Taz: It suited the album well. Because the album is different than we’ve done before. Then I guess we wanted it to be visually different. I think it captures it quite well. We thought it captures the title and the subject matter quite well.
Hel: Yeah, definitely, and the colour as well. It went well with the heaviness, when I say heaviness, I mean the emotional heaviness rather than metal heaviness. It’s like this thing in your lungs, it just sticks there. I don’t how to explain it really.
Taz: There’s a lot of sadness on that album.
Hel: It’s kind of a grieving feeling that lingers. That’s that colour I think. Purple.
Taz: Purple and gray.
How do you see Coma Wall? I’ve mainly seen it referred to as your side project, but how do you categorise it?
Taz: That’s a really hard question!
Tom: It’s kind of been forced to being a side project, hasn’t it? Because we had a lot of Undersmile things to do, but you guys [Hel and Taz] have been doing this from…
Taz: It predates Undersmile.
Hel: They’re both our babies, aren’t they? We started working on both from the beginning.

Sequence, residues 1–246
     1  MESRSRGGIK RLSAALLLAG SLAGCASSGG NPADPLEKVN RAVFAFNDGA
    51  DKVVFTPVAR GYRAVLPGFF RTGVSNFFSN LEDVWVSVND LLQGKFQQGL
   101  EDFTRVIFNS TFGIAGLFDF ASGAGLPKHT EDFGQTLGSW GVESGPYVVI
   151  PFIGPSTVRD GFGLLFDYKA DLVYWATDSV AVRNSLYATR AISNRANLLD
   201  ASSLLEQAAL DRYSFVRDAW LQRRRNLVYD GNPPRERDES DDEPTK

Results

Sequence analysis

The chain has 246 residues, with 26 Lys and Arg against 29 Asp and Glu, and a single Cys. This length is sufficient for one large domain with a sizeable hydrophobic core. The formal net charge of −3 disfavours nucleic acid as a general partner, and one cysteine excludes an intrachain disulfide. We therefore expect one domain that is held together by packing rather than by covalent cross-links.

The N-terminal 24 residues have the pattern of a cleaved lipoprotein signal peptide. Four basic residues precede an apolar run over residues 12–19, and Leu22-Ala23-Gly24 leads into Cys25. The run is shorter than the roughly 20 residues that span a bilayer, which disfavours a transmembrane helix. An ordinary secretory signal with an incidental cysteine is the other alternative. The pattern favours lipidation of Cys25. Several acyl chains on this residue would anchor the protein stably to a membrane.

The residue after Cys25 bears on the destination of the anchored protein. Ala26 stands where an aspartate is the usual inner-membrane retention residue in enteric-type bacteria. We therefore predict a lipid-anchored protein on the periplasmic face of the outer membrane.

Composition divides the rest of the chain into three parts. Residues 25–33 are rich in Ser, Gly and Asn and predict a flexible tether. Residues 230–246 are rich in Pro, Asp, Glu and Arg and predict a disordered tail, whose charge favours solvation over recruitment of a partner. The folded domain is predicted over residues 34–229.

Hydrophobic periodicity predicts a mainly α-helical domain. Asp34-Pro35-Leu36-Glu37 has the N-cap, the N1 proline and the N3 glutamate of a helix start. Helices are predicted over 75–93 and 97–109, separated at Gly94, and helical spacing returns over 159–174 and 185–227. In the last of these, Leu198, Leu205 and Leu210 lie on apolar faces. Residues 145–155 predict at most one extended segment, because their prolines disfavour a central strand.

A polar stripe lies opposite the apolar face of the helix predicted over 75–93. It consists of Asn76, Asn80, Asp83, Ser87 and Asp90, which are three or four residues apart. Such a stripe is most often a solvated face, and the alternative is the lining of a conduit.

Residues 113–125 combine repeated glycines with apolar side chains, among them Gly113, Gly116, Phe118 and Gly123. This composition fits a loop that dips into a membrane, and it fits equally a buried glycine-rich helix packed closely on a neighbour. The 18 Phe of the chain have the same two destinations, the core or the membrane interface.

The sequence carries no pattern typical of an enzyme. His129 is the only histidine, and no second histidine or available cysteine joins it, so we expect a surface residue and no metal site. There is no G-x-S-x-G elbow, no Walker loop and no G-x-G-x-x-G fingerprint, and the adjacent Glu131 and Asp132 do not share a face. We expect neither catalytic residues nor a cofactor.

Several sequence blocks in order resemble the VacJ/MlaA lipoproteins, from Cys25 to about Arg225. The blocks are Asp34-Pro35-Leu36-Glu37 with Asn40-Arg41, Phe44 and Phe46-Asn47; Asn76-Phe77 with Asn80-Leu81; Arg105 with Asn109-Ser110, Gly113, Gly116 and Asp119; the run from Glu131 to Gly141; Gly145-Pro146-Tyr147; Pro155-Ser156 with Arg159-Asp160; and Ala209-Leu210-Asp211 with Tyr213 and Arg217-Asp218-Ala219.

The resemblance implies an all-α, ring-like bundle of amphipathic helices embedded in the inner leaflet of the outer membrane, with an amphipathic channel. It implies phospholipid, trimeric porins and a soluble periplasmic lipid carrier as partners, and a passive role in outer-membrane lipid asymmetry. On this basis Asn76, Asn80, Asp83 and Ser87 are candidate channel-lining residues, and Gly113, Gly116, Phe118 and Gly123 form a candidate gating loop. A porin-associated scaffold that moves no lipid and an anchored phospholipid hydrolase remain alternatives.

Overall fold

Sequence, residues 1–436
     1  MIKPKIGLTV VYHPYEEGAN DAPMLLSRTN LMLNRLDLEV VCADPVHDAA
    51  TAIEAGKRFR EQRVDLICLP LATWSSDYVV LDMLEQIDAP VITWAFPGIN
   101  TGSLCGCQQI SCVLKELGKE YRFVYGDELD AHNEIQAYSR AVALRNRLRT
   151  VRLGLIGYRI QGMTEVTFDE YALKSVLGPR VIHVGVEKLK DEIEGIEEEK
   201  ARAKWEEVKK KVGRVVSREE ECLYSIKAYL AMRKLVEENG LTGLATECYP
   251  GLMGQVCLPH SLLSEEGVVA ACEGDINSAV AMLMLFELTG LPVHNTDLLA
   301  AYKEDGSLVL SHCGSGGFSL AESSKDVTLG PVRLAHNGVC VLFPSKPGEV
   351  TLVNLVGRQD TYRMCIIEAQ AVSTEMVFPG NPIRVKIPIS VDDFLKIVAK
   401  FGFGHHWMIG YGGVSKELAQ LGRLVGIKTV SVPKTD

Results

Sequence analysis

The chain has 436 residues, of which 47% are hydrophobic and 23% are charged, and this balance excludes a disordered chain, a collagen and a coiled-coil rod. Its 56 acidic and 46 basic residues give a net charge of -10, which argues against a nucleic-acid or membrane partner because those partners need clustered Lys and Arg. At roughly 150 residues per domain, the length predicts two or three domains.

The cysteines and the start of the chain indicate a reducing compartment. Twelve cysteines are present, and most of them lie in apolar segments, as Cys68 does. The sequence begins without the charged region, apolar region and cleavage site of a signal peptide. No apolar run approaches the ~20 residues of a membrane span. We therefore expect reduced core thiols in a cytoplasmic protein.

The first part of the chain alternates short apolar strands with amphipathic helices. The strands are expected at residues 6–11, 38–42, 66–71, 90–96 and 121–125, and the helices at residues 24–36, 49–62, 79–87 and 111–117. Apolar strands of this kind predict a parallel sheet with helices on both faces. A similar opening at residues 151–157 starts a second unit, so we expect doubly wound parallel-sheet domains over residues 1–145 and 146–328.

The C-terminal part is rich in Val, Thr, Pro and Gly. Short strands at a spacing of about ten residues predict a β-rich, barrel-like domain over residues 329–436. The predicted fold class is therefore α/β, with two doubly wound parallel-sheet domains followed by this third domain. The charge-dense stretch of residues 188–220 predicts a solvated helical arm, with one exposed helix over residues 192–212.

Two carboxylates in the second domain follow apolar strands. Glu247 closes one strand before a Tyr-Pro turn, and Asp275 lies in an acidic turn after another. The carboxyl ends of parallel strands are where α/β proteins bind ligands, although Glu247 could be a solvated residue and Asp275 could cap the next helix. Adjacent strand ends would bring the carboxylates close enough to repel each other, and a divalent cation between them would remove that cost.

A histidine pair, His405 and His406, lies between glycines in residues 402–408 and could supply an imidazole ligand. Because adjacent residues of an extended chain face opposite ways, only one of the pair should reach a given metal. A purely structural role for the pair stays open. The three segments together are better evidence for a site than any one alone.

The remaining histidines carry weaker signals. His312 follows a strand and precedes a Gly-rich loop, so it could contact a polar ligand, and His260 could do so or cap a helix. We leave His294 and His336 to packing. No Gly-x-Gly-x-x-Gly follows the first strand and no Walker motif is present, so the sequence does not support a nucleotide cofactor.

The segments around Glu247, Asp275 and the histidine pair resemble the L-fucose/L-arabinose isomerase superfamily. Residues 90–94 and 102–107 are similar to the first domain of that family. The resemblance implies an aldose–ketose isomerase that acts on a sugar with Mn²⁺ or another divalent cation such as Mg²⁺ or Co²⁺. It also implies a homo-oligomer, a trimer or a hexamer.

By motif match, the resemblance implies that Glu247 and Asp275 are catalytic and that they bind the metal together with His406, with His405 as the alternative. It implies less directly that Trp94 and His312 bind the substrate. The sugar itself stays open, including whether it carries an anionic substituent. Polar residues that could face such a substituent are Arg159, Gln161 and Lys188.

Taz: And we quite enjoy working on it.
Hel: It’s only a kind of side project like you [Tom] said, because we have other things to do, but we like it just as much. And we will put more effort into it now, because Undersmile has had a lot attention, and now it’s time for Coma Wall.
Taz: I think that any time you have a heavy band, and then you have an acoustic band, people will always see it as the side project, because it’s not that heavy.
Hel: And it’s less known as well.
Taz: But to us, we’re working just as hard on those songs as we would on Undersmile songs, and honing them at the moment. I guess it’s a side project, because Undersmile has taken the forefront, but not emotionally to us, we enjoy it just as much, put as much into it. We put a lot into it! Blood, sweat, and tears!